Scrum is structured as an iterative and incremental process. Ironically, most teams don’t take an iterative and incremental approach to Scrum! Teams aiming to tackle projects using Scrum should consider adapting a few features at a time, rather than the whole kit and caboodle. For example, a team can spend a month or two using the concept of a sprint backlog, but not concern themselves much with hourly estimation or the daily meeting. Or the team can decide to go The Full Scrum, but use the process for a point release as opposed to a major ship date.

(2) Everyone hates the daily scrum.

In Scrum, the entire extended team – which includes development staff, management, and project stakeholders – meets every day for no more than 15 minutes (ideally). This is called the daily scrum. Each team member is supposed to discuss three things: what they worked on yesterday, what they plan to work on today, and whether they’ve encountered any blocking issues that will prevent them from completing their work items this sprint. It’s the duty of the designated ScrumMaster for this sprint to facilitate the resolution of blocking issues.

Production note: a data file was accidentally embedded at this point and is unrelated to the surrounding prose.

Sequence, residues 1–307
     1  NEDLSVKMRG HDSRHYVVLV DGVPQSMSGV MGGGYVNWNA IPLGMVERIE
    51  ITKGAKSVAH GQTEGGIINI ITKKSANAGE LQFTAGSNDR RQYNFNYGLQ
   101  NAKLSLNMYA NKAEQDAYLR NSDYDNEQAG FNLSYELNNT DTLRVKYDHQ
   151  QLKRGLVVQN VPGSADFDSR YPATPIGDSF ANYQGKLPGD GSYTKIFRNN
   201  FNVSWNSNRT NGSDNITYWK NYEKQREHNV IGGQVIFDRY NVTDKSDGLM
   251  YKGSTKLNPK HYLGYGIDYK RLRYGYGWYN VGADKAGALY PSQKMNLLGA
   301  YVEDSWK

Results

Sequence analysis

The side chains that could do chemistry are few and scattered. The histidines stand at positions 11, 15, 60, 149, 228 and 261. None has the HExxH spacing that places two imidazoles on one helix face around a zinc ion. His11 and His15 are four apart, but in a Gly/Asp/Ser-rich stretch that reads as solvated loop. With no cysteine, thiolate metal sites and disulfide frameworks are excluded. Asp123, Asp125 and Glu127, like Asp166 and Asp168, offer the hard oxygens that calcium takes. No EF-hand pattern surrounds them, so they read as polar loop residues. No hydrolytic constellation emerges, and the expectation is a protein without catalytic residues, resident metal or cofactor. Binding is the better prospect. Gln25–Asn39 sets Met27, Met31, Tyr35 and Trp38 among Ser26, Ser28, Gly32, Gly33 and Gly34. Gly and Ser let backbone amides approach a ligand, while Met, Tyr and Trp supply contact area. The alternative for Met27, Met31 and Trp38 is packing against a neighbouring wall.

In theory, the daily meeting is a wonderful idea – a regular check-in that brings all stakeholders together in a collaborative atmosphere. In practice, everyone hates it. In a corporate world chock full o’ meetings, the daily scrum is just one more meeting. And, for most team members, it’s a boring and useless meeting. Unless you are significantly behind or have encountered blocking issues, the daily scrum feels like a waste of time.

In one of my teams, we have tried every which way but loose to restructure the daily scrum. Since our team was spread throughout the United States, we took to meeting through instant messaging, where everyone could paste their daily status into the chat window rather than read it out. Eventually, we abandoned the daily meeting altogether, and returned to our regular weekly team meeting. We continued to send out a regular burndown chart, however, that showed how quickly we were resolving work items, and whether we were on track to finish this sprint on time.